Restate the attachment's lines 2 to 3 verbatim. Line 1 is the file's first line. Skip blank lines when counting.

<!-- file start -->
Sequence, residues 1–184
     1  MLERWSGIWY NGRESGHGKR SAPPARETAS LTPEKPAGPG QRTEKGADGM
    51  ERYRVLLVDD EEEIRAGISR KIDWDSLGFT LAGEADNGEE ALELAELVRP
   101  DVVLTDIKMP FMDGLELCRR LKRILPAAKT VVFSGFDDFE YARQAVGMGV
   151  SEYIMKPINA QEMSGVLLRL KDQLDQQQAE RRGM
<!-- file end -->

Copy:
     1  MLERWSGIWY NGRESGHGKR SAPPARETAS LTPEKPAGPG QRTEKGADGM
    51  ERYRVLLVDD EEEIRAGISR KIDWDSLGFT LAGEADNGEE ALELAELVRP